Husk: George Stamos on Wearing the Body
“You are a costume. You are wearing you. Thankfully, your genes were
only suggestions. You are an imperfect impersonation of an object and
you are wonderfully artificial,” says dancer George Stamos on his upcoming choreography for Husk, at the Agora de la danse Feb 8-11.
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A dancer, yoga practitioner and former New York party-boy, Nova Scotia-born George Stamos is on the cusp of some kind of Saturn’s return in 2012. With three different productions showing in 3 provinces between now and mid-February, one might say that he’s living a personal revival, of sorts. Since getting his BA from the School for New Dance Development in Amsterdam in 1993, he has never stopped working as a dancer, choreographer, and performance artist, but the themes and intentions he speaks to for his three new pieces suggest a personal renewal in the making. Stamos is poised to take Montréal by storm with a riveting new piece, Husk, which will be shown for 3 nights at the Agora de la Danse, (but which he will not be dancing in himself).
Stamos has been preparing for – and simultaneously creating – two other works, including a duet for two men called LiklikPik, a tastey-sounding work he’s taken to Toronto’s Dancemakers about “the pig as a totem animal”, and the soulful Illegal Tender, in which he dances beside a projected video of himself – doing a lap-dance for the late Quentin Crisp. As many know from his famous Naked Civil Servant, and the moving 2009 biopic An Englishman in New York, Quentin Crisp was a famous flâneur and wit who spent his final years in a basement Manhattan apartment, passing away in 1999 at the age of 90. In 1996, the nubile Stamos convinced the famous dandy to be video-taped in exchange for some food, and notably, a lap-dance, and for 15 years the video evidence of the conversation sat on his shelf, waiting for the right inspired treatment. The contrast between the ailing fop and his sprightly interlocutor gets blurred when the live Stamos embodies a version of his present-day self, and realized (along the way) that Quentin was in fact speaking to George’s “future self” all along. The work premières at Regina’s Performatorium in this month, but George promises us he’ll show Illegal Tender somewhere in Montréal later this year.
Body vs. Husk
Evoking “an instinctual intelligence in the meat of the body, beyond the reasoning mind,” Husk is a live sound and performance piece for three dancers and Montréal musician and out lesbian, Jackie Gallant. Ostensibly about “being at peace with the fact that we’re completely fake sometimes,” Husk is part of a grand gay tradition wherein the word “fake” takes on a much more subtle significance. “Husk is in part looking into how we extend our physical self into the artificial: for example, spray tans, hair extensions, implants. It’s all about looking at the whole physical package we carry as a shell or ‘husk’ for the spirit,” he explains, adding, “and yes, we get crazy wild with costumes!”
Like some of the grotesque hair pieces from Husk which were used for the photoshoot with 2Bmag (by Cesar Ochoa), the props and costumes for George’s 3 dancers are ragged, cartoonish, and somewhat vulgar. Exaggerated foam body suits allow one of his dancers to change gender at one point in the show, eliciting uncanny feelings about authenticity and illusion.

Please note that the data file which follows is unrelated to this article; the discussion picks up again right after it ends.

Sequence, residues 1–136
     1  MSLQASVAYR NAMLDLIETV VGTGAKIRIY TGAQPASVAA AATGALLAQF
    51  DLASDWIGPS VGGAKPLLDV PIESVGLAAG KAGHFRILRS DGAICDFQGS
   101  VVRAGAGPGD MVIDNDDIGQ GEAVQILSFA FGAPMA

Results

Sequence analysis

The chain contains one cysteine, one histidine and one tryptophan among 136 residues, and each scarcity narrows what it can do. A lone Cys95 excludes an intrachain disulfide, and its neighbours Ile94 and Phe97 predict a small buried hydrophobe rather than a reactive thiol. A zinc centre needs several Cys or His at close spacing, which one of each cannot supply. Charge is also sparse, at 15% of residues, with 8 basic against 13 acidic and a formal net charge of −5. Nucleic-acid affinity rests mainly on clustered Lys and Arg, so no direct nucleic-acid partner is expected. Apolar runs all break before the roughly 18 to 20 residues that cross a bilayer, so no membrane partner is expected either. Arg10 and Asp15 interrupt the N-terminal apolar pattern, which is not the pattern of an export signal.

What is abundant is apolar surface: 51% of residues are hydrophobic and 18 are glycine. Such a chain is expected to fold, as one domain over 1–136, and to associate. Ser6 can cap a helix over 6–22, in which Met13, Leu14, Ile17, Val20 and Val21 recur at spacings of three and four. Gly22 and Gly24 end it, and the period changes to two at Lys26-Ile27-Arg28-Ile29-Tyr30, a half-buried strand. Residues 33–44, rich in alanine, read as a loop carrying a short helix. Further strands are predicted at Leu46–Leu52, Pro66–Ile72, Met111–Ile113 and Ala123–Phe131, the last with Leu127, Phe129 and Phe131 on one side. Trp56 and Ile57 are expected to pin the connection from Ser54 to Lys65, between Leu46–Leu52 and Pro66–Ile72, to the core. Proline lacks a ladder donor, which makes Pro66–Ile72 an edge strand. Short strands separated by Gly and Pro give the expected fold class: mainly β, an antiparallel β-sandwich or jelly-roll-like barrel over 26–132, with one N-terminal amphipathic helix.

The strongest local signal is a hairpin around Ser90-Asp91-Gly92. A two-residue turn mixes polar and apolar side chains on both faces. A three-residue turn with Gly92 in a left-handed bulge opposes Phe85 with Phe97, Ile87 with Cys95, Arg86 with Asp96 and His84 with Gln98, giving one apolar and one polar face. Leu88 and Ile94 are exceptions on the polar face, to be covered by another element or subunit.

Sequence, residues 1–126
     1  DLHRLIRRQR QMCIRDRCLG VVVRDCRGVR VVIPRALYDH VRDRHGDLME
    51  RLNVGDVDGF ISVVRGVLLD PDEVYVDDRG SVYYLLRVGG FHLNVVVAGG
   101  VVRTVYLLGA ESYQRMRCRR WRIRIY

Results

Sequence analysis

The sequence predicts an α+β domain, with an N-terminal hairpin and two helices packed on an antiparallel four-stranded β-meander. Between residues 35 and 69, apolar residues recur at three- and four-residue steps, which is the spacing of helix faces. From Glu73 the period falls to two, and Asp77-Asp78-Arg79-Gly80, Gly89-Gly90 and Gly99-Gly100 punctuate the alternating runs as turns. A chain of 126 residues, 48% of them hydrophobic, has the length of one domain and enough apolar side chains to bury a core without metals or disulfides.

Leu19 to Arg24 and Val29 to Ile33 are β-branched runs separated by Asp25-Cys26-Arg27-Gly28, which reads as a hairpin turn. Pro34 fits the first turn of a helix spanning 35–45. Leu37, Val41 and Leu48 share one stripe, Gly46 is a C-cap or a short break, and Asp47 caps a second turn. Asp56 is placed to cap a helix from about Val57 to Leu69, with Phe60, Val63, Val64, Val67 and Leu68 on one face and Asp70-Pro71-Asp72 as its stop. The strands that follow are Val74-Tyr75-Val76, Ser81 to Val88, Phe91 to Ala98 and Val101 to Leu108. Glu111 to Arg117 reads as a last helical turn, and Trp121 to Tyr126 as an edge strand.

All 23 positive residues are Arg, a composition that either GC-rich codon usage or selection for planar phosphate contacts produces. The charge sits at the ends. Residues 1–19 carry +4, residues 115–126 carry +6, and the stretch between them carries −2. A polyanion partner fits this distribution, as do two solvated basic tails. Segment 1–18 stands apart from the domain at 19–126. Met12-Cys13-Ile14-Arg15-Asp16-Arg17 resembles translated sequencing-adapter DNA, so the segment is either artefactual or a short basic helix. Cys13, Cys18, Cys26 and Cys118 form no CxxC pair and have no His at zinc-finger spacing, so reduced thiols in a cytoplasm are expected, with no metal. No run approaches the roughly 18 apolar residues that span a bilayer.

“I absolutely love (dancers) Rachel Harris, Elinor Fueter, and Frédéric Marier, and jumped at the chance to work with them and Montréal Danse,” the renowned company who invited Stamos to be part of their 25th anniversay programme with Husk. “It’s great to work with a really buff guy like Fred,” Stamos continues, “his muscular physique and masculinity help bring out the gender issues in the work,” adding that Fueter, Harris, and collaborator Gallant “are all in their prime and really busting it in this piece!” You can’t blame a boy for looking, can you?
Preoccupations with the body, with the paradox of acceptance and dissociation in gay culture, are unabashedly at the core of Husk. “As a gay person, I think perhaps we’re more sensitive to how our physicality reveals our gender identity and our sexuality,” Stamos admits, trained in the sweat and glitter of the 90s voguing scene in NYC, as much as by any school of thought. “We’re perhaps more sensitive to terms like ‘straight acting’ and that lends an extra level of impact to our behaviour. Husk delves into this terrain: how do we WEAR our body, how do we present (ourselves) through our behaviour and our choices, who we ARE,” the dance veteran emotes, suggesting that oh-so-fluid understanding of the body that not many dancers can articulate. “I’m looking at how the body works as a container for the spirit and at the same time how instinct and the body’s capacity for healing or adaptability is undervalued.”
If that sounds like a lot of ideas, it is, but this isn’t dance for the intellectual spectator alone: Husk is going to make you and his performers twitch, sweat, shout, writhe, and hopefully triumph over the duality of our ideal body vs. the body we are ashamed of. One gets the sense that George Stamos is ready to share a whole lot of learnings from his recent and past lives in his trio of new works this year. At 42, he is “sitting in his body,” and tapping into its power in ways that seem destined to inspire, and impress.
Feb 8-10, 2012
Agora de la danse
840 rue Cherrier, Montréal (514-525-1500)